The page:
Originally published as a column for Inside Housing on December 17.
As housing has risen up the political and media agendas, so the shelves are filling with books explaining where we’ve gone wrong and what we could do to put things right.
Reflecting that, and just in time for anyone wondering what to get the housing nerd in their life for Christmas, here are my three housing books of the year.
First up is John Boughton’s indispensable history of council housing, Municipal Dreams – The Rise and Fall of Council Housing.
It’s a predictable choice and one already made by many other reviewers but it is one that is better late than never and one that will be even more worth reading next year against the background of the centenary of Homes Fit for Heroes.
Originally posted on my blog for Inside Housing on December 11.
As Westminster grinds to a halt over Brexit at least some progress is still being made on housing – or is it?
In the year of the social housing green paper and the end of the borrowing cap, some things have undoubtedly moved but the signs at Housing Communities and Local Government questions on Monday were that others are grinding to a halt.
First up was the land question and specifically the way that MHCLG dashed hopes of radical reform of land value capture in its response to a Housing Communities and Local Government Committee report recommending big changes to a system that sees planning permission for housing increase the value of agricultural land by 100 times.
Originally posted on my blog for Inside Housing on September 24.
While all eyes were on the prime minister’s speech at the National Housing Summit you may have missed news that landowners are now making an astonishing £13 bn a year pre-tax profit just from getting planning permission for housing.
That is the estimate in a new report from the Centre for Progressive Policy (CPP) and the National Housing Federation (NHF) published on the same day as Theresa May was telling housing associations what they wanted to hear.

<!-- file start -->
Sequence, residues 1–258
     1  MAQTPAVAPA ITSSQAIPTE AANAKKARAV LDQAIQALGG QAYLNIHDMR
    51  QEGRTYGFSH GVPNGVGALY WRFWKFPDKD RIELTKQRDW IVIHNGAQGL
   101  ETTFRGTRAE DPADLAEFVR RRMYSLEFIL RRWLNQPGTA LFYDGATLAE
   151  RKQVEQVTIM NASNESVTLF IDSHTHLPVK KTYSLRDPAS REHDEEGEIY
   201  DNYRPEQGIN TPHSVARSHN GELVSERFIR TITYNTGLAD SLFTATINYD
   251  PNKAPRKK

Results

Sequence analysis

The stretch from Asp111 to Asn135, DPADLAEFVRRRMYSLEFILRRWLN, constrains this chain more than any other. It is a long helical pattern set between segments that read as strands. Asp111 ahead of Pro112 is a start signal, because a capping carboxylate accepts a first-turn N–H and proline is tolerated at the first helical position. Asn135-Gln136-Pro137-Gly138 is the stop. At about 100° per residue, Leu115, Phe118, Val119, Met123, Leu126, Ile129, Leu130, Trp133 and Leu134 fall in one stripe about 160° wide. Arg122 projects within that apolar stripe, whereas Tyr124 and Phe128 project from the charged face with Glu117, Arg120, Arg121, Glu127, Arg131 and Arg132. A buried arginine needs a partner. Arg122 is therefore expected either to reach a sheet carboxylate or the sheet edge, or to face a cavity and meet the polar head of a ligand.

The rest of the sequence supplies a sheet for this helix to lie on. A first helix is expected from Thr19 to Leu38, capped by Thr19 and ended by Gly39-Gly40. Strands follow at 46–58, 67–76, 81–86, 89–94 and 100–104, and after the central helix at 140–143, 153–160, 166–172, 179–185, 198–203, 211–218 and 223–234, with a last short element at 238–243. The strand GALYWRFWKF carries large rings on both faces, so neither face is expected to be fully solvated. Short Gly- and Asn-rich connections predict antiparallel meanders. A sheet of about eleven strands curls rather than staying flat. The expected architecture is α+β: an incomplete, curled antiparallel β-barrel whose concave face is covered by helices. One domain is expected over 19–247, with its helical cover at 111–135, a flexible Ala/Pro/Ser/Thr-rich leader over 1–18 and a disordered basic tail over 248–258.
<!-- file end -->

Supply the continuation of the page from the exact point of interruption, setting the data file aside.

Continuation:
The £13 bn profit made by landowners in England in 2016/17 is up £4 bn on 2014/15 thanks to a huge increase in residential land values in the last two years.
Seen from one end of the telescope, that was already more than the profits of the entire UK housebuilding industry and it is now more than the global profits of Amazon, Coca Cola and McDonald’s combined.
But the impact can also be seen from the other end of the telescope, with housing association after housing association quoting examples of where they have been outbid by private developers for land.
The sites are often public land but individual associations report examples of developers who bid a higher price than them only to do nothing with it or sell it on for a profit shortly afterwards.
Originally published on September 13 on my blog for Inside Housing.
How does land worth £21,000 or £482,000 per hectare suddenly become worth £1.95m? And who should get the windfall?
The answer to the first question is, of course, when agricultural or industrial land is granted planning permission for residential use (all three figures are estimates in government statistics).
The answer to the second is much more complicated – getting it right could boost construction of new homes and provide a new source of funds for infrastructure and affordable housing; getting it wrong could destroy incentives for landowners to bring land forward and mean housebuilding dries up.
Now the all-party Housing, Communities and Local Government Committee has published a report on an issue that has a long history dating back to Winston Churchill’s criticism of the ‘unearned increment’ made by landowners following public investment in infrastructure – and even right back to Henry VIII.
Support for reform has grown across the political spectrum and even the last Conservative manifesto promised to ‘work with private and public sector housebuilders’ on the issue.
Supporters note, correctly, that the success of the post-war new towns was based on their ability to buy land at existing use value and use the uplift to fund infrastructure but that all this was stymied by legislation such as the 1961 Land Compensation Act that entitled landowners to the ‘hope value’ after their land is developed.
At the same time history is littered with examples of governments introducing uplift levies and tariffs and supplements that failed to deliver and sceptical landowners and housebuilders argue that reform will be prove much more complicated than supporters make out.